How Hugh Hefner’s Personalized Record Collection Wound Up in DTLA

FOLD Gallery is the home to Hefner’s record collection, and they tell us how it went from the Playboy Mansion to their space
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Tucked away on the top floor of the iconic and timeless The Last Bookstore lies FOLD Gallery, full of vintage postcards, film cameras, and globes—a testament to the classics that once occupied Los Angeles’ shop shelves.

The gallery has been there for roughly 10 years, right after the time when the actual bookstore opened up. They’ve been entertaining guests for as long as the bookstore has, leading many to believe the two are a collective.

However, FOLD runs its own operation separate from The Last Bookstore. Curation, sales, and inventory for the gallery are all done by their own staff. Regardless, Priebe notes that the two entities are still entirely happy to operate beside—or more so, vertical to—each other. “Now we’re all just good neighbors,” Founder Jena Priebe told Los Angeles magazine with a smile.

An interior shot of FOLD Gallery with patrons browsing. (Photo by Daniela Whipple and Tula Oliver)

In the right corner of the space lies a crate of records, which seems odd given that the store below them operates as a well-trafficked book and record store hybrid. However, upon a closer look, it quickly becomes apparent that those records were owned, written on, and labeled by none other than Hugh Hefner himself.

“So, there is this amazing, adorable named man named Andreas and he’s a total ephemera hound… he gets such crazy stuff,” Priebe said excitedly.

“I was just going through his huge warehouse, and then he has all of these containers lined up in the back parking lot… and it’s all part of Hef’s collection. So, I was most interested in the records because of their provenance. It was when he was doing the magazine and he would make notes on them.”

The man mentioned, Andreas Schiff, is truly just as captivating as Priebe makes him out to be. He is originally from Walsrode, Germany, a place he said had the “claim to fame” of the “largest bird park in the world.”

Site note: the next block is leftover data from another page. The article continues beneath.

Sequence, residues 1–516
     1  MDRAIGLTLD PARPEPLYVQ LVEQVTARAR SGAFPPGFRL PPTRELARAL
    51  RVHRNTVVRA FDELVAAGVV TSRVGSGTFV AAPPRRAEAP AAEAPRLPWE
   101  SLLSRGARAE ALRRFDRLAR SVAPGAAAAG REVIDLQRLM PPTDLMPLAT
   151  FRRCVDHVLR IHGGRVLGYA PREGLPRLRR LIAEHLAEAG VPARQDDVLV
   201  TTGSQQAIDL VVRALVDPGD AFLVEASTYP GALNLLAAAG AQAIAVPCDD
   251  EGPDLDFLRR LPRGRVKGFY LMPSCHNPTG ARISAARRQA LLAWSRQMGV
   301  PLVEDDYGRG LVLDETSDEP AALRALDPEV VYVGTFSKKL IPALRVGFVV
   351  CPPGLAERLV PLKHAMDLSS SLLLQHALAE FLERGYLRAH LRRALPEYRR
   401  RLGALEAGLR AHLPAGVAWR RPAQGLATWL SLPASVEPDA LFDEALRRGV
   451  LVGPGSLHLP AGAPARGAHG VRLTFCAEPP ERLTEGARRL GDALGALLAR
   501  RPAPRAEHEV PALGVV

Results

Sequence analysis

Schiff originally started off exporting classic cars in the ‘80s—Jaguar, Triumph, Porsche, and Mercedes, were just some of the names he fired off. However, the dollar exchange rate changed and the market for antique cars crashed, which launched his interest in books.

Schiff stands inside his warehouse in Pasadena, which contains thousands of antique books and magazines. (Photo by Julius Miller)

As he noted, he is “somebody where large lots of books normally end up with.” While on a trip to Covina to visit a bookshop that had been helping the Playboy Foundation to dissolve the collectibles of the Hugh Hefner estate, he was offered to purchase a lot of laserdiscs and records by a woman who worked for the foundation named Susie.

“I check them [the laserdiscs] out a little and normally I am not related, but they have a great value. And that’s when I said, ‘Yeah, I can make an offer on the laserdiscs’ And then she said, ‘How about records?’ And I said, ‘Well, normally not,’” Schiff said. “About a week later, she said, ‘Hey, you can have the records too’ and she had mentioned at the time, while they were not in great condition, that some of them who have had written stuff on it… so I picked it all up and there were about 40 boxes of records.”

When Priebe caught wind of the records, she knew they would be an incredible addition to the gallery and people would definitely be interested in picking them up. The historical notoriety was undeniable, but the notes also gave collectors a piece of history that they could get nowhere else.

“Gone… back to the birds and bees.” Hefner wrote on the back of a Bobby Short record. “Too much showing off, not enough music,” he penned on a copy of Erroll Garner’s The Most Happy Piano.

Hefner had also written many offensive and dated comments about the appearance of female singers, which may come as no surprise. As recent as February, A&E’s Secrets of Playboy took aim at the late-Playboy boss and various people who spoke out against him received an onslaught of backlash “mostly from bunnies.”

Given this, Priebe had a lot of hesitation about the records and even questioned if she should “put these out in the world.”

“I take what I put into the shop in a very thoughtful way and I’m especially about women empowerment because my team is all women,” Priebe said.

“And the base reason why I struggled with that was because I want to show how strong women are and how far we’ve come, but I think also in order for that to be an honest reflection of where we are you have to show, really, the past.”


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